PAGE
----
David Aceveda, still a city councilman, starts the season helping Kavanaugh out with his investigation. The animosity between Aceveda and Vic is still thick and Aceveda tries to do everything he can to get Vic out of The Barn and even out of uniform. He points Kavanaugh to Curtis Lemansky as the “conscience” of the Strike Team. He believes that if Kavanaugh can turn Lemanskey against Vic and the others, they can take the whole crew down.
Detectives Dutch Wagenbach and Claudette Wyms relationship becomes frayed this season. Wyms re-opens one of Dutch’s old cases and starts to become evasive when Dutch asks questions about her health. After finally getting a reappearing serial killer to confess to his crimes, Wyms collapses and falls down the stairs. After missing an episode or two, she comes back and confides in Dutch that she’s been suffering from Lupus for a number of years. The season ends with Dutch putting in for a transfer and Claudette being promoted to Captain of The Barn.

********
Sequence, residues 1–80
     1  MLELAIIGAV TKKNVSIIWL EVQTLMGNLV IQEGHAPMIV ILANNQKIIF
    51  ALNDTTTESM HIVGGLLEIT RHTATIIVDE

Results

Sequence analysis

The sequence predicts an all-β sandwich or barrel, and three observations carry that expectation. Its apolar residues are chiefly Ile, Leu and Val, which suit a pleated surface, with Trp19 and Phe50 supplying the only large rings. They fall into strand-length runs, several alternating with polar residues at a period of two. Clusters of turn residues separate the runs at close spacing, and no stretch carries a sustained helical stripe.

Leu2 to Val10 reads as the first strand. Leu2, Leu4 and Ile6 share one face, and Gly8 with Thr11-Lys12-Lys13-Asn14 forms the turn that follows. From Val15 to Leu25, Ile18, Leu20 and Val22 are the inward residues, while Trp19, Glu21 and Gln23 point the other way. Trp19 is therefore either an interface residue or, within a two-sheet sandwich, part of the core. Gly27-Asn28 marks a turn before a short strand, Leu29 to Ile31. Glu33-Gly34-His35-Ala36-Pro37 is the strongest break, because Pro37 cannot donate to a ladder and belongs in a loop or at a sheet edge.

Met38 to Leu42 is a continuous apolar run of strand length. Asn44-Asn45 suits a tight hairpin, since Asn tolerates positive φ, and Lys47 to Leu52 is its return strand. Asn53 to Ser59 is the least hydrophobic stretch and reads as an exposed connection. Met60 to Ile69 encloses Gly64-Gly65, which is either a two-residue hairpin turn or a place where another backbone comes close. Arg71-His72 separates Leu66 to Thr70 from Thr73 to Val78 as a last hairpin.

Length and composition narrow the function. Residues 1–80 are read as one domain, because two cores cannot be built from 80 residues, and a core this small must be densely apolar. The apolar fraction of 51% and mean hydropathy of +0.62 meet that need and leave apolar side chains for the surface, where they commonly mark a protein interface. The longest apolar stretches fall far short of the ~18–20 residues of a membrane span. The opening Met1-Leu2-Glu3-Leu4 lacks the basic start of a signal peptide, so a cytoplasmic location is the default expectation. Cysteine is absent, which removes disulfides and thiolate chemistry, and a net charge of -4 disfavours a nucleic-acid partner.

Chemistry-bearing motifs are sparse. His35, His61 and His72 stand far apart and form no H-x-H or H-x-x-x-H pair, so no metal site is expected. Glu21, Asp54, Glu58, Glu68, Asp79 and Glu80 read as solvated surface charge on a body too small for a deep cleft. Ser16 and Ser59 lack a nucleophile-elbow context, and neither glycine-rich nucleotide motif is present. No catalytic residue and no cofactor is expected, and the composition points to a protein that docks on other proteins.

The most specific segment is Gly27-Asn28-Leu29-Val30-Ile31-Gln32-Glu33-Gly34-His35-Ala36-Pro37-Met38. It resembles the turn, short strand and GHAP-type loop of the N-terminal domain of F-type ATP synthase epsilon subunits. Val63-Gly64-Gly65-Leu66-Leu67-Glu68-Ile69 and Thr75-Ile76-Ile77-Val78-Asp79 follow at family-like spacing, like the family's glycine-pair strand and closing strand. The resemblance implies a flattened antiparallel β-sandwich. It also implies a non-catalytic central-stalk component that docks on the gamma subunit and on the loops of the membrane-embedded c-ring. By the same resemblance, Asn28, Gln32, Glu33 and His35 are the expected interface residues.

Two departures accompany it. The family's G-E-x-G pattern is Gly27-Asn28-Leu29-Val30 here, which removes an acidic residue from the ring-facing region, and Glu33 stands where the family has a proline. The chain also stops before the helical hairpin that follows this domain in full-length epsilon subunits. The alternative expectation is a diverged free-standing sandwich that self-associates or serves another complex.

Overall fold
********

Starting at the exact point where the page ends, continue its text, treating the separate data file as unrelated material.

Kenneth Johnson’s Lemansky gets a chance to shine this season. He’s given more to do than in past seasons and he makes the most of the opportunity. Season five is all about Mackey vs. Kavanaugh, but it wouldn’t be as hard hitting without Lemansky in the middle. Even after learning Vic killed Terry Crowley (previously only Shane knew), Lemansky stayed loyal to his fellow Strike Team members. It caused him great emotional (and physical) pain, but he took the brunt of the hit and made sure nobody else would go down for their crimes.
While Vic and Ronnie believed Lemansky was loyal, the deep-seated resentment between Shane and him brought about another shocking moment in Shield history. Shane believed Lemansky flipped on his friends and took it upon himself to make sure they wouldn’t get caught. He makes Lemansky follow him alone to an underpass where he tries to figure out if they can still trust him or not. Unconvinced, Shane drops a grenade in Lemansky’s truck and walks away.
I can’t say enough about Forest Whitaker’s performance as Jon Kavanaugh. I’ve mentioned before that I had trouble with the big-name casting in season four, but Whitaker works. The character is fully fleshed out and there’s a definite arc to his story. At the beginning, Kavanaugh is a bit creepy and understated. His soft-spokenness and non-threatening mannerisms seem to be part of his game to get people to trust him. After being outmaneuvered several times by Vic, he starts to become unhinged. The descent from an upright IAD officer to someone who would consider planting evidence on a guilty suspect is truly a marvel to behold.On a side note: while refreshing my memory on the previous seasons of The Shield, I found some pretty cool articles on popmatters.com This essay, in particular, I found really helpful.